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FLED is that feafon of delight,

In which my heart from morn 'till night

Its fimple story joy'd to tell;

And

you approv'd, and—all was well.

offer'd ear

Breathe (not unheard) the hope-mix'd fear

Such was my happy lot of yore;

Such lot, alas! is mine no more.

To love, and in

your

Now all is chang'd; if at your feet
My tender paffion I repeat,

With dull cold smile you bid me rife;

While anger flashes from your eyes.

Those eyes once Love and

young

With fofter radiance could inspire:

Mild luftre once their orbs could dart ;

Now all is chang'd-except my heart!

H 2

Defire

ON LEAVING A FAVOURITE RESIDENCE.

farewell! And with thee too adieu,

Joys left as foon as tafted! They are gone, Even like some pleasant dream by hasty dawn Scar'd from the lover's pillow: Fast they flew,

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And long will they be abfent. I meanwhile
(Sooth'd by the memory of the white-arm'd maid,
With whom among thy moonlight scenes I ftray'd)
With melancholy minftrelfy beguile

The lonely hour. But me whate'er betide,
Whether on life's tempeftuous ocean toft
Hopeless I view the ftill-retiring coast,
Or my frail bark propitious Tritons guide

BOD

DOM MINA
NUS TIO

ILLUMEA

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Through fmiling feas-on Her may profperous fate, With its long train of changeless raptures, wait!

ON THE SAME SUBJECT.

GROVES, that of late I lov'd so well, adieu !

Dear to my foul, accept its parting figh:

Yet oft fhall Memory your loft shades review,
Still shall you flourish to her faithful eye.

There was a time when through your bowers to rove, And with untutor'd fingers touch the lyre;

My breast unvifited of other love,

Than fuch as PHŒBUS and his train inspire,

Delighted me, Ah! Time of bliss, return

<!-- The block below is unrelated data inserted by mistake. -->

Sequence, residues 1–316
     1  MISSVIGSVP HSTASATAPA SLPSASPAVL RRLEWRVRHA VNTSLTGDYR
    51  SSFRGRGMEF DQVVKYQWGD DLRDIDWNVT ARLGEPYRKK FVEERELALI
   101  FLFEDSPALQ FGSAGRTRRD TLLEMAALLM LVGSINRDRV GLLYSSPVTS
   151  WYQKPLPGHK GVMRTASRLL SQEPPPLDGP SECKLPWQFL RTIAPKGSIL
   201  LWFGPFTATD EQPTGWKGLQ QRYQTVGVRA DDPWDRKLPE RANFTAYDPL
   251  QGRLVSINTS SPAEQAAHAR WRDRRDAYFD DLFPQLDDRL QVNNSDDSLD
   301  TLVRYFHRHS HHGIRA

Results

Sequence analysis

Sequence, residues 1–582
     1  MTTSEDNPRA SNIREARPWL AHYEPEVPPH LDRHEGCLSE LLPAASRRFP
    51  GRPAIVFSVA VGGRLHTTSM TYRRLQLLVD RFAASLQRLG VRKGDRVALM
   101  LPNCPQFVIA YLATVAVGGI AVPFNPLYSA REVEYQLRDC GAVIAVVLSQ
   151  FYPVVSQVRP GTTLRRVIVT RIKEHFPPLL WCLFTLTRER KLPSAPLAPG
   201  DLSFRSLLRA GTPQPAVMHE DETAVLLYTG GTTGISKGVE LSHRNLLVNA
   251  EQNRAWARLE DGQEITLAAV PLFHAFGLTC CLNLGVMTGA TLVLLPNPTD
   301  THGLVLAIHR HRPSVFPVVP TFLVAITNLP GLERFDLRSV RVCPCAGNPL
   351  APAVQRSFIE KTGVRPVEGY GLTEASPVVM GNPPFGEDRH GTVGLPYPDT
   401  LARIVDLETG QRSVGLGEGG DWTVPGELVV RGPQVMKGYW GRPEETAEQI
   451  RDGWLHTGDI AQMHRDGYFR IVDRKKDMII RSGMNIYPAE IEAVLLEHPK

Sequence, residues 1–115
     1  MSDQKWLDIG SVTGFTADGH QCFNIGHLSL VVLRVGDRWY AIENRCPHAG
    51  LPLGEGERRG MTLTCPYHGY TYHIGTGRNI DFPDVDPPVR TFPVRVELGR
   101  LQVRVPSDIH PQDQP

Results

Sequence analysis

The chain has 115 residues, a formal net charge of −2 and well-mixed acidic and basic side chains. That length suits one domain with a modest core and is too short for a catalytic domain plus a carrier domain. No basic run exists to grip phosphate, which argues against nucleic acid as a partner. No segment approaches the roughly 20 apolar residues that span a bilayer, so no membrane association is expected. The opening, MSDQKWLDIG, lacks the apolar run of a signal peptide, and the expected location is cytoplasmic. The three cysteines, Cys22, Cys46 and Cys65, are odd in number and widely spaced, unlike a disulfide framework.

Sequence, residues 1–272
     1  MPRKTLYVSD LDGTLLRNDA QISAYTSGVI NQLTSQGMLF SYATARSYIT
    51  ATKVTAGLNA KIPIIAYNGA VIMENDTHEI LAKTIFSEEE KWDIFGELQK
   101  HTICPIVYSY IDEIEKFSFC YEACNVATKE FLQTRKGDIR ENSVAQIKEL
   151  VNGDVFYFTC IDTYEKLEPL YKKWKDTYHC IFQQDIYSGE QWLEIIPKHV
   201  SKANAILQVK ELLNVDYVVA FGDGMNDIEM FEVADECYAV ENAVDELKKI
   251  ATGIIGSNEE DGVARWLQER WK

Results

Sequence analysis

With healing on thy wings!-In vain I cry : Deftin'd in hopeless mifery to mourn,

In vain I roam beneath another sky;

And 'mid new scenes the fugitive explore :
For joy fhall folace this fad heart no more.

WRITTEN AT MATLOCK.

MATLOCK,

as through thy cliff-fprung woods I rove (Still pausing, while I muse on Youth's brief day: How faft his fhadowy raptures fleet away; How oft his heart, that seat of faithful love,

Is doom'd to love in vain) my anguish'd mind
Sighs to behold in spiral eddies round
Thy foliage, fcatter'd by the wild Northwind,
With faded verdure ftrew the fallow ground.

-But 'tis the season's wreck: Not unforeseen,
The deepening tempeft howls in Autumn's ear;
Me the storm blasted, ere I learn'd to fear
Its fatal rage, while yet my leaf was green:

Scarce had my May begun her foft career,
When stern December clos'd the hafty year.

SONG.

IN times fo long paft (though I still am but young)

That I scarcely their transports can trace, Enraptur'd I caught the soft lifp of thy tongue; And totter'd-for then I but totter'd-along, To clasp thee in childish embrace.

As we grew up together, each day I beheld,
With feelings unkindled before,

Thy yesterday's beauties by new ones excell'd;
Nor, boy as I was, from those beauties withheld

My heart :-Could I offer thee more ?

Even now, when the fever of youth is gone by,
And I glow with more temperate fire,
Delighted I dwell on thy foul-beaming eye;
And, heaving perhaps ftill too ardent a sigh,
Survey thee with chaften'd defire.

Oh! come then and give me, dear Maiden, thy charms;

For life is alas! on the wing:

Our fummer ere long will be fled; in these arms

Let me fhield thee, my Fair One, from winter's alarms:

Oh! listen to love, while 'tis spring.

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